OVER the past few weeks, Shannons Club has released three instalments of its End of an Era doco series, charting the rise of the Aussie car industry. But the fourth and final part, A Legacy Lost: 2000-2017, landed over the weekend to document the fall. Just in time for Bathurst, and, much like the Great Race itself, it’s sure to stir a few emotions and perhaps cause the odd tear.
As the new millennium gained traction, Holden was selling several different body styles and had a lucrative export programme under the benevolent eye of Peter Hanenberger. Over at the Blue Oval, the dynamic Geoff Polites was integral in the creation of the DOHC Barra turbo motor, successful Territory SUV and even Craig Lowndes’ 2001 defection from Holden Racing Team.
It was a time when manufacturers were free to advertise their cars with flair and excitement, and plenty of such adverts grace the screen during this 46-minute episode. Former Holden engineer Tony Hyde, Ford racer John Bowe, author Gavin Farmer and auto historians Mark Oastler and Dr John Wright all throw their considerably informed opinions out there on what went right and what went wrong.
The documentary also chronicles the sharp decline and closure of Mitsubishi’s Adelaide plant, along with the quiet success and eventual expiration of the Aussie Toyota Camry. Presenter Shane Jacobson explores some of the reasons for the downfall of our once-mighty industry – not only the social influences, but the role played by the left and right of politics as things unravelled.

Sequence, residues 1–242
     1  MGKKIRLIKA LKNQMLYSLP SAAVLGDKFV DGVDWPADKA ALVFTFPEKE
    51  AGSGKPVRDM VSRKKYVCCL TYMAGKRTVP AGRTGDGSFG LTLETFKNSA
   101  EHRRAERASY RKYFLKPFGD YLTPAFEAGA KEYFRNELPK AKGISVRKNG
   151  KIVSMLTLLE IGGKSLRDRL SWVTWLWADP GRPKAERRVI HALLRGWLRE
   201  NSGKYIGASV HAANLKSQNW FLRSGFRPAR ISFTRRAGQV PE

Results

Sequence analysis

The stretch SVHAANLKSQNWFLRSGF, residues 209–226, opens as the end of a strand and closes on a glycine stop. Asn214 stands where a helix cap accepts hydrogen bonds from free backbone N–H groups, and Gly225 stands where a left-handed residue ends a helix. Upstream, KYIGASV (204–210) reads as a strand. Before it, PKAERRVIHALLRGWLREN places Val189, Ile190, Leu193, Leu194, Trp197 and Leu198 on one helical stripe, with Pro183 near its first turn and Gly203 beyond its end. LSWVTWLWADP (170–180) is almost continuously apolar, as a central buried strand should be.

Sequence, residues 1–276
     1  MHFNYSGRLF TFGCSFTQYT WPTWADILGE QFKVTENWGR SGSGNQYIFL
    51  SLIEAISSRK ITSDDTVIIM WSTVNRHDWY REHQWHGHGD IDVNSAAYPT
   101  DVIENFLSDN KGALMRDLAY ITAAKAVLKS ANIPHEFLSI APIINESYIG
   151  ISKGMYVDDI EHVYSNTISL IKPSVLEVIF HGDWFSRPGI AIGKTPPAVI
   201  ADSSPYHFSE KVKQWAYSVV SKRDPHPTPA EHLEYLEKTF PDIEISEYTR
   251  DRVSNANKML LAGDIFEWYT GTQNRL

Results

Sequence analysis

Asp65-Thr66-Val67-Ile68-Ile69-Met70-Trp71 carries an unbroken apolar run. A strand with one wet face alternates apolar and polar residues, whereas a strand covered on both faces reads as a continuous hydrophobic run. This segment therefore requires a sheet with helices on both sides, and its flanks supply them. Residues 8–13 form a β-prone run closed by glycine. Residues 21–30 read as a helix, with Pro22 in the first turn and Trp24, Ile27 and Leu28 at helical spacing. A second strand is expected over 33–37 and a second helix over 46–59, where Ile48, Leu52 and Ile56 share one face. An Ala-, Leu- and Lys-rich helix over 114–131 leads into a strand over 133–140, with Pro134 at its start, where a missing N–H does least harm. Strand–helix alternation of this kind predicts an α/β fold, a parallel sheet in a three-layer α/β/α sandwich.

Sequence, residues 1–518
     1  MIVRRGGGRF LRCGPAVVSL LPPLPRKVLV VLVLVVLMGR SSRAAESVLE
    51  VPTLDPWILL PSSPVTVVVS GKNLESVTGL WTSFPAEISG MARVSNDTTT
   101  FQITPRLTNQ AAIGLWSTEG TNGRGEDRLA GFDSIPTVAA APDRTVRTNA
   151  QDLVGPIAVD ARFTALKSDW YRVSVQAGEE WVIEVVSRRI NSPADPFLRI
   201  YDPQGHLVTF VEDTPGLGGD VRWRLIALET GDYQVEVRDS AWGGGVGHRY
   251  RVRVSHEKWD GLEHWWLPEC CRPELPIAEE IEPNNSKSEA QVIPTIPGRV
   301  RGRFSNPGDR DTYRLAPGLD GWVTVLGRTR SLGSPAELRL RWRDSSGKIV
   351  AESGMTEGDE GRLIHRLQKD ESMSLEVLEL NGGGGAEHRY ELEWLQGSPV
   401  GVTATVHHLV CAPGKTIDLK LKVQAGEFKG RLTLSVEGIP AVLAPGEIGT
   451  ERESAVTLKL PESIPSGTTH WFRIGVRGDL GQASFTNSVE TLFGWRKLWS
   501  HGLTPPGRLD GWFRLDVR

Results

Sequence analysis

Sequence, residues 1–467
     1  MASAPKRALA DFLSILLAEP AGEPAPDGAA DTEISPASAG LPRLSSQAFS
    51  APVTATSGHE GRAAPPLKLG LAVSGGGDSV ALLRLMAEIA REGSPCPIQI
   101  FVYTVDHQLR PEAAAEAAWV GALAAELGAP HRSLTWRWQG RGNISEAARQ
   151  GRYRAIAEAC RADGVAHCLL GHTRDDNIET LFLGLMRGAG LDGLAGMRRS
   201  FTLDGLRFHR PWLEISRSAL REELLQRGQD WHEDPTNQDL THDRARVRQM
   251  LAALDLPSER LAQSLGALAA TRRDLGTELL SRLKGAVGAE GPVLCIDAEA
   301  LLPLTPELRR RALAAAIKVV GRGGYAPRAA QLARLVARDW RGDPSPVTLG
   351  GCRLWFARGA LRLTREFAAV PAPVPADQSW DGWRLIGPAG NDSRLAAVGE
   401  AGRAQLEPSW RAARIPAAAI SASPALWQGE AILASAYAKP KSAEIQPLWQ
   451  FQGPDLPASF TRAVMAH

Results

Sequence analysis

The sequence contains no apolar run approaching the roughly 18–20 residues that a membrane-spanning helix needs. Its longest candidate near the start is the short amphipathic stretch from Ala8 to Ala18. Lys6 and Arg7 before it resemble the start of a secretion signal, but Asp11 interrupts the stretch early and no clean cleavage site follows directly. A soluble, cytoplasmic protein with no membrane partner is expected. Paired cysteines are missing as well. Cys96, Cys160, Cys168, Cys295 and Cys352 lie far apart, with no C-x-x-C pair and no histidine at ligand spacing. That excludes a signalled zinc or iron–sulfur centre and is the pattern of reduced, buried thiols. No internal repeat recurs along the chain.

Most importantly though, he encourages enthusiasts like us to keep the flame alive, as our locally made cars were more than just transport; they were part of our identity. And in this respect, he is preaching to the converted.
As End of an Era: Part Four draws to a close, several minutes are dedicated to a montage of our industry’s best and worst. Fan favourites like the HQ Holden, VU ute, Bolwell Nagari, XK Falcon, Ford Territory and FPV range swap screen time with those we love to hate: the JB Camira SJ, Leyland P76, AU Falcon, and Brock’s folly, the ‘polarising’ VL HDT Director.
The four-part series stands as a concise record of our achievements and the forces that conspired to cease them. Full credit to the enthusiasts at Shannons Insurance for putting it together, without bias and with no sales agenda. If you’re after a tearjerker tonight, leave that Meg Ryan/Tom Hanks DVD box set on the shelf; all you need is Holden Commodore and Ford Falcon nestled either side of big Shane Jacobson. Get the tissues; it’ll be tough – but worth it.
All four parts can be viewed here.
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Street Machine is the bible of Aussie modified auto culture, celebrating wild muscle cars, customs and hot rods – and the incredible humans who create them.